Chemical coatings serve many purposes: anti-scratch coating minimizes lens abrasions; anti-reflective coating eliminates frustrating reflective glare; metallic or mirrored coating is popular with sunglasses; and UV coating blocks solar ultraviolet radiation.
EContact lenses have long been the corrective choice for people who prefer not to wear eyeglasses. For particularly active people, eyeglasses may not be the most appropriate solution.
These small plastic lenses require greater responsibility for those who wear them. Your Optometrist can specify for you the precise cleaning and care requirements of your contact lenses. They can also provide a complete fitting and consultation, allowing you to choose between a variety of contact lens styles. The provincial Medical Services Plan (MSP) does not provide coverage for contact lens therapy, although there are some medical exceptions. Your Optometrist will inform you of any charges that may apply to your contact lens-related visits.
• Soft contact lenses are easy to wear, particularly for the first-time wearer, coming in a range of disposable options from one day to one year—your Optometrist can recommend the best one for you.
• Rigid gas-permeable (RGP) lenses are more durable and may provide sharper vision, but since they are not water permeable, they may be more difficult to wear.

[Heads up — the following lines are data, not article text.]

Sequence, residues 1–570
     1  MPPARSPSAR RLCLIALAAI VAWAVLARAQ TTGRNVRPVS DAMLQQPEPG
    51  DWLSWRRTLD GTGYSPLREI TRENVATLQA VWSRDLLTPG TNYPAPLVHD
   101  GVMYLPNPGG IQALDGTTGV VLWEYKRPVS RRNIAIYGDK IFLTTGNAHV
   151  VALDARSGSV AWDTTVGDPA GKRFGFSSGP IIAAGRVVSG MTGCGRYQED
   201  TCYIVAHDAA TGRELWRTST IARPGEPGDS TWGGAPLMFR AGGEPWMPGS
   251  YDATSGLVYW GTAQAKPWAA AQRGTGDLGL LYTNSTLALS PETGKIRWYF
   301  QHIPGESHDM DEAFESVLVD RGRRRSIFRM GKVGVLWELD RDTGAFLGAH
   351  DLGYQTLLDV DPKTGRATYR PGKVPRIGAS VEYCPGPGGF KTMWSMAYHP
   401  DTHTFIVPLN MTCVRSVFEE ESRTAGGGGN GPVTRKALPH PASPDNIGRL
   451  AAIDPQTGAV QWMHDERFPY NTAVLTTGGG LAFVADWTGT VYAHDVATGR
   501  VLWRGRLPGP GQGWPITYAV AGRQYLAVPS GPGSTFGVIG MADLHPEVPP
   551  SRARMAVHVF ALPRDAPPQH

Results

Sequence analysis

• Ortho-Keratology is a treatment for myopia involving a progression of rigid contacts designed to alter the shape of the cornea and eventually reduce the wearer’s nearsightedness.
• Extended wear lenses can be worn overnight and continuously for up to one month (with the latest lens materials available), but require more attentive care to prevent infection and related extended wear problems
• Disposable lenses are the most common, and are discarded after a specified length of time—reduced cleaning time, costs and healthier eyes are among the benefits.
• Toric lenses are specially curved lenses designed to correct astigmatism [link to Common vision problems > Astigmatism].
• There are a variety of other types, including coloured, novelty and UV-blocking lenses, and lenses for astigmatism and bifocal needs.